Ends of the Earth uses the landscape of Alaska as a testing ground for love and elegy. It is a poetry collection that contains both lyric responses to the urban Alaska environment and extended sequences that cycle between autobiography, mythic allusion, and the literary archive. In her work, Kate Partridge combines the fresh perspective of a newcomer with explorations of the landscape and lifestyles through allusions to classic literature.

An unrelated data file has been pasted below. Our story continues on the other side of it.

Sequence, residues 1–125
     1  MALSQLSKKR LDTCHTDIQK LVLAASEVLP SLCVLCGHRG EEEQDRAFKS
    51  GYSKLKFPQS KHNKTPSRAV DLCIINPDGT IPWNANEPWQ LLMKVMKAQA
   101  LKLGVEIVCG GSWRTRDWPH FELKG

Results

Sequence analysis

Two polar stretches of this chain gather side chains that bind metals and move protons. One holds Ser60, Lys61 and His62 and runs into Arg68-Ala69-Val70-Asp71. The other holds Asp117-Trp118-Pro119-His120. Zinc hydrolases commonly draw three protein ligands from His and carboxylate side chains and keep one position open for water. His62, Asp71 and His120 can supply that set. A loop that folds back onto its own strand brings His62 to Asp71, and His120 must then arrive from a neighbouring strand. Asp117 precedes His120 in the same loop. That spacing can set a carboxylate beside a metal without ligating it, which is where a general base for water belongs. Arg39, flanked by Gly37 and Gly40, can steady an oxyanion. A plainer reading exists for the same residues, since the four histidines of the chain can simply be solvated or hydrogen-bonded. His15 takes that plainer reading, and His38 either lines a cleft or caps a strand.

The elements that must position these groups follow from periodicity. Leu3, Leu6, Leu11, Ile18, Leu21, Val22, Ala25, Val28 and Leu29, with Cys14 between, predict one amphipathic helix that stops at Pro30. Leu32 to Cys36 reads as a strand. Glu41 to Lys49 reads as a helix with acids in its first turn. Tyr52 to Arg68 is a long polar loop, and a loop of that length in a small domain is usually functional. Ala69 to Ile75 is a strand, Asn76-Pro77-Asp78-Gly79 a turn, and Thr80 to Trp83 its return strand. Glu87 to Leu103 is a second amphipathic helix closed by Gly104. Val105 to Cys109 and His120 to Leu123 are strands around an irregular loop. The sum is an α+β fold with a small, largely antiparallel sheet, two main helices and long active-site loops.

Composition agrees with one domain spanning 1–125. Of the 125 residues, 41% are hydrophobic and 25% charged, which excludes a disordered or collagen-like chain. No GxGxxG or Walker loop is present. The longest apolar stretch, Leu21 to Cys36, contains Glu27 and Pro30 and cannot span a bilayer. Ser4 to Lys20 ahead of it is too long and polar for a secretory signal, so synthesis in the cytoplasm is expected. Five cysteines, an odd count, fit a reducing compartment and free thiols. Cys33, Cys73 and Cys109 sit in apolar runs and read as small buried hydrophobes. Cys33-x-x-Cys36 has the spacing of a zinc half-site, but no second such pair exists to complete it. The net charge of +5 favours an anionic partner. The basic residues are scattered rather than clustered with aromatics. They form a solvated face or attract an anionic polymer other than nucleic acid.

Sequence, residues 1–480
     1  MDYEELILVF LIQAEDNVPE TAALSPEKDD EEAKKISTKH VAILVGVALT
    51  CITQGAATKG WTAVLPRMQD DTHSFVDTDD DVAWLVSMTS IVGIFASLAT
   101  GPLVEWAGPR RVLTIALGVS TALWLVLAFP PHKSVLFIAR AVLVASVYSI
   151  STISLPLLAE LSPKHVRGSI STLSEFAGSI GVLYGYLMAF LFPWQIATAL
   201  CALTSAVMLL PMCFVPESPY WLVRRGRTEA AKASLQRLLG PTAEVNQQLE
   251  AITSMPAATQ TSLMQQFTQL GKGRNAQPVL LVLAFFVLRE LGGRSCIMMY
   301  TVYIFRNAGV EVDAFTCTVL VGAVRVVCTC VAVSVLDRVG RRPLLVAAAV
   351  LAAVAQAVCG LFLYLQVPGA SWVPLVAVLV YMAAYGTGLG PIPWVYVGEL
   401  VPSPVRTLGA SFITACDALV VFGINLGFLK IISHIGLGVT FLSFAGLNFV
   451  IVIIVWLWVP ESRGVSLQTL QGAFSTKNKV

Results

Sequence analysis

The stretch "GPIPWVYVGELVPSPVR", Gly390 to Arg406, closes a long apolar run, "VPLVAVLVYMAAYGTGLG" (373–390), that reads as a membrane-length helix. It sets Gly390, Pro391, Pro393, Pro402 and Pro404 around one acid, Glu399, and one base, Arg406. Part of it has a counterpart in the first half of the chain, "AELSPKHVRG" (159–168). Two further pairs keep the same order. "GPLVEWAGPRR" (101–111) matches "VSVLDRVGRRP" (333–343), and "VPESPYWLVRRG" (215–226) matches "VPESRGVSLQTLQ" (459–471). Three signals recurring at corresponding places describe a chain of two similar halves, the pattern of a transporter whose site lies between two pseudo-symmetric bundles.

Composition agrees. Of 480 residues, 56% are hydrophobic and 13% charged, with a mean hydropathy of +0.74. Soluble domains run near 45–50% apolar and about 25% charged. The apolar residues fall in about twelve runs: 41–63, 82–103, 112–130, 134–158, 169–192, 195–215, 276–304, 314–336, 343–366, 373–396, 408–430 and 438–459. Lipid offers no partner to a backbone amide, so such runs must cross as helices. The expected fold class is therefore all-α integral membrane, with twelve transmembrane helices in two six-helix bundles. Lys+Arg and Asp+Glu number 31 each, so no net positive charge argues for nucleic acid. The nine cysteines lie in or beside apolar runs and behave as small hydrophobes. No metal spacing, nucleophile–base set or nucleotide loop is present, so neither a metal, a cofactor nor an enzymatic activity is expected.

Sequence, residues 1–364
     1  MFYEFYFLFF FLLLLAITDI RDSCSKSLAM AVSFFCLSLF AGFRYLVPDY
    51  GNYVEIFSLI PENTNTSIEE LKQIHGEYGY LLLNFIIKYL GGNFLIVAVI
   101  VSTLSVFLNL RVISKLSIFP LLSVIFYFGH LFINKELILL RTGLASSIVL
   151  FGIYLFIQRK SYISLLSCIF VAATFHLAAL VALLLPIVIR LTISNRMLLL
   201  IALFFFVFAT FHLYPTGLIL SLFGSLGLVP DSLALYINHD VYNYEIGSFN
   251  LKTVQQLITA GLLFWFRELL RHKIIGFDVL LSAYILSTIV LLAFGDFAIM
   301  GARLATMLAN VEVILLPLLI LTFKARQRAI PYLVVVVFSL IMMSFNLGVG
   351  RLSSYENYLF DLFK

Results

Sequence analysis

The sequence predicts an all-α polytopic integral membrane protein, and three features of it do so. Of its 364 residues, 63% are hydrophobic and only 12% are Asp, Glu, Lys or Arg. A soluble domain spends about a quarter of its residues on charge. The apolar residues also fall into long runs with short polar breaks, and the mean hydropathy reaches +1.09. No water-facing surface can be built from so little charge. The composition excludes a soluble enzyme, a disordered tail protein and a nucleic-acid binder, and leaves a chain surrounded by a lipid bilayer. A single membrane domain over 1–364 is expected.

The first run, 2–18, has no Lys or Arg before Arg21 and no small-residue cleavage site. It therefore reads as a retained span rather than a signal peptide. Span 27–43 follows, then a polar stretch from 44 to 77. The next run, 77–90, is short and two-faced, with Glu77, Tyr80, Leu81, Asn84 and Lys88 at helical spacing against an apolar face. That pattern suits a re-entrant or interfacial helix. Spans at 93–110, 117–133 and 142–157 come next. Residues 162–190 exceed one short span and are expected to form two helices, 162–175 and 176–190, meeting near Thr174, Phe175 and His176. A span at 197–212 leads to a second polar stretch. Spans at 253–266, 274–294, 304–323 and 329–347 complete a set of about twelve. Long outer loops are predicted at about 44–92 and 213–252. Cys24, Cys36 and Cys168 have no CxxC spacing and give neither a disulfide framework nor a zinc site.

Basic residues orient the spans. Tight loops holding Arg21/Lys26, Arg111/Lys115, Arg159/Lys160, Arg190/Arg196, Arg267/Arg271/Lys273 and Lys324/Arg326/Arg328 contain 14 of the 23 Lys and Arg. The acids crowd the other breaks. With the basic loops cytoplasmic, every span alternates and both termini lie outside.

While the poems turn an inquisitive, contemporary lens to the subject of Alaska, elements throughout the book are influenced by twentieth-century writers like Elizabeth Bishop and Marianne Moore. The manuscript also combines personal experience with material from the Epic of Gilgamesh, Walt Whitman’s notebooks, and other classic sources, to investigate the ideas of love, isolation, and location. Through humor and observation, Partridge takes a new look at what it means to live in urban Alaska and the world at large.